Nate McLouth’s strained left oblique will put him on the disabled list, according to the Journal-Constitution’s Dave O’Brien, and the Braves are set to call up Jordan Schafer to replace him.
Schafer, who opened 2009 as the Braves’ center fielder, is back in the majors for the first time since June of that year. There was plenty of hype this spring that with Schafer finally healthy, he’d overtake McLouth as a regular at some point this season. However, he failed to perform well in March and he was hitting just .256/.309/.323 with one homer in 164 at-bats for Triple-A Gwinnett.
That makes McLouth a pretty big loss, even if he was hitting a modest .238/.332/.341 in 164 major league at-bats. The Braves don’t have another legitimate center fielder on the roster, so Schafer figures to get a chance to play everyday in the McLouth’s absence. The team is in better position to cover Jason Heyward’s absence, with Eric Hinske and Joe Mather likely to platoon in right field. Wilkin Ramirez will serve as the fifth outfielder.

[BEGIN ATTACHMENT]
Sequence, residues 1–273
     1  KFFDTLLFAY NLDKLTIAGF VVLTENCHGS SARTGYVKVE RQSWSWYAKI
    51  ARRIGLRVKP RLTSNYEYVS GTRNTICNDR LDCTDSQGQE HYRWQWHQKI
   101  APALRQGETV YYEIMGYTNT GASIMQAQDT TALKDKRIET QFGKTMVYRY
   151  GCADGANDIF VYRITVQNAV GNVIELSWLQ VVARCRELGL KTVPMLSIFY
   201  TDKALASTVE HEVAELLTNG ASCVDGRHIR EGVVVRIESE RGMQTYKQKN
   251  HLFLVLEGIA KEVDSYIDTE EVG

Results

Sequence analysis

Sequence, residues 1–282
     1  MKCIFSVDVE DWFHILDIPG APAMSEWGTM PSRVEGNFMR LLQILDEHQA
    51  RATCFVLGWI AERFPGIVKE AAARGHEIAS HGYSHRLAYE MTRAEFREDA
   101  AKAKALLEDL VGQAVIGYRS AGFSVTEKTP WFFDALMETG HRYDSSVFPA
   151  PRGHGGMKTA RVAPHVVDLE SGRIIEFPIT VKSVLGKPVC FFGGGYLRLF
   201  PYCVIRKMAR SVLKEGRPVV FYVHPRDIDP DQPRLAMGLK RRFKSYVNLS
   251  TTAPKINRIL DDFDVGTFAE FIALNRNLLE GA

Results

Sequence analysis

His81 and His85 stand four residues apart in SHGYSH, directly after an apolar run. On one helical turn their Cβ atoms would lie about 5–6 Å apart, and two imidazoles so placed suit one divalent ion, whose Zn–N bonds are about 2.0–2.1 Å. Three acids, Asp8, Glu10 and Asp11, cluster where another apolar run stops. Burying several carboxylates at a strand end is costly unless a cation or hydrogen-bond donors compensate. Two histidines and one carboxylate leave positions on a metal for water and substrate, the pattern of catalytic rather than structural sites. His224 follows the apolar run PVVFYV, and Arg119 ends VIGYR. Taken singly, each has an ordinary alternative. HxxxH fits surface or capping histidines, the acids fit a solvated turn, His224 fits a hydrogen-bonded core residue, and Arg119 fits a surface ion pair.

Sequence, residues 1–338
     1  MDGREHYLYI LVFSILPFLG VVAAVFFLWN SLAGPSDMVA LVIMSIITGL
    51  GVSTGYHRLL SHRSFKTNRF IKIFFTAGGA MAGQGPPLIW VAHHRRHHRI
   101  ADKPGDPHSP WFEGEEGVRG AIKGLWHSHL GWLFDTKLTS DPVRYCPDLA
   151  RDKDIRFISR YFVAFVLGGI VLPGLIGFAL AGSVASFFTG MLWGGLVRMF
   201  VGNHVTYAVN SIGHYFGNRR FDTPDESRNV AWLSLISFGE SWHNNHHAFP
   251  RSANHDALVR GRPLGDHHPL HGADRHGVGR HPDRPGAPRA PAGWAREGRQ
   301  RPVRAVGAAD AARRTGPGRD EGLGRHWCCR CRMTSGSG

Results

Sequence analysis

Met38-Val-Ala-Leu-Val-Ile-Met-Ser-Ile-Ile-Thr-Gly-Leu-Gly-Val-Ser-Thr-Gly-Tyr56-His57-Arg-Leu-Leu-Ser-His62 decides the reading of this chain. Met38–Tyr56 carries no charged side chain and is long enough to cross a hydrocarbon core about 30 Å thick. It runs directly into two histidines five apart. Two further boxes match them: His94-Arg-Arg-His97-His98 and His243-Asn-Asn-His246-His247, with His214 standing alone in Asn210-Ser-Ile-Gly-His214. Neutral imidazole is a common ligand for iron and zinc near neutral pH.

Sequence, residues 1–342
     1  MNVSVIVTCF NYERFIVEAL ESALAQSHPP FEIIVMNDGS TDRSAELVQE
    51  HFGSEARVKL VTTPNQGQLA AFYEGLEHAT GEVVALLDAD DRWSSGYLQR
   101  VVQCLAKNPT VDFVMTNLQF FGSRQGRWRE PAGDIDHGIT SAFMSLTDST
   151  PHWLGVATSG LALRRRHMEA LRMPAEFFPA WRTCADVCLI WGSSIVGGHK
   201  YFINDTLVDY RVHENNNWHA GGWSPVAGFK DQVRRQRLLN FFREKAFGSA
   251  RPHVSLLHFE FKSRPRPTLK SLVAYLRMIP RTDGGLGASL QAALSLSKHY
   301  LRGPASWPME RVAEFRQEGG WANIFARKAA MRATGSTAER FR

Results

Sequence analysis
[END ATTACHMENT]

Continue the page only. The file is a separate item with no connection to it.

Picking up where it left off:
Indians outfielder Bradley Zimmer is out for the year after undergoing arthroscopic surgery on his right shoulder, the team announced Saturday. The projected recovery timetable spans anywhere from 8-12 months, which puts Zimmer’s return in the second half of the 2019 season, assuming that all goes well.
Zimmer, 25, had not made an appearance for the Indians since June 3. He racked up a cumulative nine weeks on the major- and minor-league disabled lists this season and will have finished his year with a .226/.281/.330 batting line, seven extra-base hits, and four stolen bases in 114 plate appearances.
The outfielder reportedly sustained his season-ending injury during a workout in Triple-A Columbus, where Cleveland.com’s Joe Noga says Zimmer began feeling discomfort in his shoulder after completing a set of one-handed throwing drills. Comments from club manager Terry Francona suggest that the Indians have every reason to believe that he’ll make a full recovery by next summer, though it’s not yet clear whether or not he’ll need additional time to readjust to a full workload when he takes the field again.